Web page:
The hatching of the Mighty Ducks of Anaheim is one of the most remarkable teams in hockey, if not all of sport. The 1990s was a decade of success and expansion for the Disney Corporation, riding the success of their Mighty Ducks movie, the company took the next logical step and founded a pro-sports team. After paying the $50 million entry fee (and you thought Disney’s California Adventure was expensive) the team was born. The Anaheim Arena would be the team’s home, although the name was quickly changed to Arrowhead Pond of Anaheim. Bolstered by the team’s presence in the best hockey league in the world; Disney would go on to produce two more live-action movies, a really messed-up cartoon and a toy range. Ultimately the duck that laid the golden eggs upped and died, and the NHL’s ‘Dead Puck’ era put off all but the most vehement fans.

The Duck’s roster was stocked by 1993’s expansion and entry drafts. Goalie Guy Herbert was the first player selected by Anaheim and became the first and last original Duck, playing his last game for the team in the 2000/01 season. Toronto Maple Leafs winger and future Colorado Avalanche coach Joe Sacco was also picked up. In the entry draft the Ducks picked future All-Star Paul Kariya as their first pick.

In proud expansion tradition, the Ducks weren’t very good at the start, and failed to make the playoffs in their first three seasons. 1997 brought the team their first playoff appearance and despite defeating the Phoenix Coyotes in seven games, head coach Ron Wilson‘s Ducks weren’t strong enough to hold off the Detroit Red Wings. The Wings swept the series and cost Wilson his job. Progress was slow and steady for team but the addition of Teemu Selanne in 1996 gave the Ducks, and Kariya especially, a new dimension. The pair hit it off almost immediately and became the cornerstone of the Ducks’ offense.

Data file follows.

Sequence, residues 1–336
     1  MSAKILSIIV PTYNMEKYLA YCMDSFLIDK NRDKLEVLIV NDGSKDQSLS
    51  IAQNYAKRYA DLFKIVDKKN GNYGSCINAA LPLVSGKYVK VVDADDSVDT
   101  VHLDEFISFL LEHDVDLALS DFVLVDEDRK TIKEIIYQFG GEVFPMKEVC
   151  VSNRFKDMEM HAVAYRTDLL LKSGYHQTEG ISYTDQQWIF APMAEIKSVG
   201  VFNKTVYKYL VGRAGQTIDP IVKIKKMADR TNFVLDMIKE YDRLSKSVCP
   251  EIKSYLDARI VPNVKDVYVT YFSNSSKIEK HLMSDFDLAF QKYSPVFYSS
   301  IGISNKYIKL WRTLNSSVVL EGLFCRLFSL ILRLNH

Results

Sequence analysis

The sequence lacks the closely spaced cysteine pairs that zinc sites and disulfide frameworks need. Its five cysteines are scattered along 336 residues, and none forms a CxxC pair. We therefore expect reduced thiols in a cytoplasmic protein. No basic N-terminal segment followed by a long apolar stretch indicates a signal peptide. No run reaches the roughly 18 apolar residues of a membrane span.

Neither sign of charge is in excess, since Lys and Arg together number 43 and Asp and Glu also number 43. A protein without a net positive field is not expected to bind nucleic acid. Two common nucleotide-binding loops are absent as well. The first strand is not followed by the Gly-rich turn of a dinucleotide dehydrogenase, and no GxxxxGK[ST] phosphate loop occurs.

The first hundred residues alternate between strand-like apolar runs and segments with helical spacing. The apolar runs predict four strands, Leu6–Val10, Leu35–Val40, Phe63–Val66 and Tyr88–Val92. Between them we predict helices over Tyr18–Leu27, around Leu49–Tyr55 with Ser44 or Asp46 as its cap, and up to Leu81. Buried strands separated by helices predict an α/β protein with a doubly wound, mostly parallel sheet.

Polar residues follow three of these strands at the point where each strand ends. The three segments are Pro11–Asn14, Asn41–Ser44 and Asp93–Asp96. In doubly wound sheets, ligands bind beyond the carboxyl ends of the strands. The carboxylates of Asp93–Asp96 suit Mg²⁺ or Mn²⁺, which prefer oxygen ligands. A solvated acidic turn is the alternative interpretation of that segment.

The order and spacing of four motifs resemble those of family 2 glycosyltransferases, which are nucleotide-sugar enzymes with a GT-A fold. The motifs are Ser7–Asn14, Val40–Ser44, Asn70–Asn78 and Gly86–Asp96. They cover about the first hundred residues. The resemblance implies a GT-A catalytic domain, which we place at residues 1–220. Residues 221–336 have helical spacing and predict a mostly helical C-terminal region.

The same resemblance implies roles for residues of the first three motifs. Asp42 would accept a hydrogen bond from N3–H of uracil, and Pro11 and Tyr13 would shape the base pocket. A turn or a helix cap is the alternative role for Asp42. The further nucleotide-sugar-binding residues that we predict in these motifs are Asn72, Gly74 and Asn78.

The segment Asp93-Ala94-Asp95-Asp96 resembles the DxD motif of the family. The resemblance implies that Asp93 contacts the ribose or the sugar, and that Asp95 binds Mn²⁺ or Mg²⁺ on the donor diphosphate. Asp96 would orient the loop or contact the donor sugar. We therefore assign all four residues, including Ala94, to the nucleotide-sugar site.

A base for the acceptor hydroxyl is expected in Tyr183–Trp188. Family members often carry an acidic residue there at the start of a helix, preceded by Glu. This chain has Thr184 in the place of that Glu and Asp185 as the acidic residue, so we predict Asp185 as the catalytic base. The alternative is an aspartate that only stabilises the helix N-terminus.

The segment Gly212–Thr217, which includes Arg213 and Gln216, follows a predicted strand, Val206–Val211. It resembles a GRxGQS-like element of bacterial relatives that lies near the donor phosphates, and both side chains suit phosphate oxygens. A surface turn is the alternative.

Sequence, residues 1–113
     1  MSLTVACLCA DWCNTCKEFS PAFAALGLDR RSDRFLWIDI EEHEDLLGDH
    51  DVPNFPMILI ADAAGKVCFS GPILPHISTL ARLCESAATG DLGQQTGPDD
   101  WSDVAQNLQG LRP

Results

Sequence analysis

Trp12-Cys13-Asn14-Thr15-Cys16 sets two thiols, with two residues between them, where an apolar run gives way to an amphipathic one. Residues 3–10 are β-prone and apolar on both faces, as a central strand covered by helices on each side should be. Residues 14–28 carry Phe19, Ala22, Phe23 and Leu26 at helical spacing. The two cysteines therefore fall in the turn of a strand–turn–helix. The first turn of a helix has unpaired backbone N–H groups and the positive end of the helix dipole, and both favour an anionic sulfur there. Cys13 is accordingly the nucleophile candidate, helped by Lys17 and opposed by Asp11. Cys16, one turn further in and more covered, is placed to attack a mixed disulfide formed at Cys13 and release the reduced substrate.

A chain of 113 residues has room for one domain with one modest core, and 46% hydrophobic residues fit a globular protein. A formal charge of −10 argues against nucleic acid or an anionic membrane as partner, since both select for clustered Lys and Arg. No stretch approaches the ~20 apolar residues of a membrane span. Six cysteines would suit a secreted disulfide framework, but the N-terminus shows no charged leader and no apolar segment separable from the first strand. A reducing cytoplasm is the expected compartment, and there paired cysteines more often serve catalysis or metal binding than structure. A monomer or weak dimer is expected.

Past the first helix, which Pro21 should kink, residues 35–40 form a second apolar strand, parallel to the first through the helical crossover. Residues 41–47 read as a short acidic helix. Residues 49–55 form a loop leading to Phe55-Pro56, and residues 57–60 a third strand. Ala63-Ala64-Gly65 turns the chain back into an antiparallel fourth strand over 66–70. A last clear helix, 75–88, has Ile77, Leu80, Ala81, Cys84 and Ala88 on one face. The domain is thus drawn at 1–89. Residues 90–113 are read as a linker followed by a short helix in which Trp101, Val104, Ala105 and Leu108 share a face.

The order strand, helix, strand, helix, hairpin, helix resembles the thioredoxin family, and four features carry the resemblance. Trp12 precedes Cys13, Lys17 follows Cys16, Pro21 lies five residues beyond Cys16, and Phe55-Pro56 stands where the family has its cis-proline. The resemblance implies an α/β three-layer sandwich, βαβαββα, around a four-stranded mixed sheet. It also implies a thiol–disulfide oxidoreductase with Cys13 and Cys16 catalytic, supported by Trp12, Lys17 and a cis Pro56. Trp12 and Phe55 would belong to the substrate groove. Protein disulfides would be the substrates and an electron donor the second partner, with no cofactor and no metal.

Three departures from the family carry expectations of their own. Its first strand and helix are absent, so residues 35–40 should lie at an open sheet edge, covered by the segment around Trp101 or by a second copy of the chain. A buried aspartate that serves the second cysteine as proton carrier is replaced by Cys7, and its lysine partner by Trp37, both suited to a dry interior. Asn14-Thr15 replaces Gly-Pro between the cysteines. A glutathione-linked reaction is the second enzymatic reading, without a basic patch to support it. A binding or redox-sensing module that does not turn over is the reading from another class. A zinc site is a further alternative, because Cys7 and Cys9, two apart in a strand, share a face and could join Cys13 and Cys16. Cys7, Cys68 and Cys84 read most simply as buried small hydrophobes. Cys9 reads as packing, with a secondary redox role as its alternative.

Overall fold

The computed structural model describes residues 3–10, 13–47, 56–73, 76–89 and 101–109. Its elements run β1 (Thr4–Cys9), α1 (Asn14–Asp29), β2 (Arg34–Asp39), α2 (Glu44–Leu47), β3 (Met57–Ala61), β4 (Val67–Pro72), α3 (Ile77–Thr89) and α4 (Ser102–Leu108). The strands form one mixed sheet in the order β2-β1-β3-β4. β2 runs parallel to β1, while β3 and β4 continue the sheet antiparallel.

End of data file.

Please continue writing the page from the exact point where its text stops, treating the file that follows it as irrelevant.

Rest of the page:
This relationship couldn’t bring any silverware though, and in March 2001 Selanne was traded to San Jose. Kariya himself would leave in 2003. A year later Disney put the team up for sale. The Mighty Ducks bubble had well and truly burst. At the start of 2005, the team was sold for $75,000,000 to Henry and Susan Samueli, who rebranded the team simply as the Anaheim Ducks. Brian Burke was now GM and Randy Carlyle stood behind the bench. Change was afoot. The following season new threads arrived and the team had a whole new look.

2007 brought the Anaheim Ducks’ first, and so far only, Stanley Cup. Having won the Pacific, the Ducks secured the second seed in the west, and knocked out the Minnesota Wild in five games to advance past the first round. The Detroit Red Wings fell in six games and Anaheim made their third Conference final in four seasons. The Buffalo Sabres crumbled in five games, as did the Ottawa Senators in the final. The Ducks lifted the Stanley Cup and captain Scott Niedermayer was named as the tournament’s MVP.

Success is hard to maintain in the NHL, and the following season the Dallas Stars dropped the Ducks in the first round and have been inconsistent in the playoffs ever since. Frustratingly for Ducks fans, the team has won their division for the last five seasons in a row but has been unable to reach another Stanley Cup final. Captain Ryan Getzlaf made his debut for Anaheim back in 2005 and is still going strong, Corey Perry is another big fan favourite on a roster that isn’t exactly loaded with big names. That said, with head coach Randy Carlyle behind the bench, the Ducks are one of the few teams that can genuinely be considered Stanley Cup contenders, at least in the west.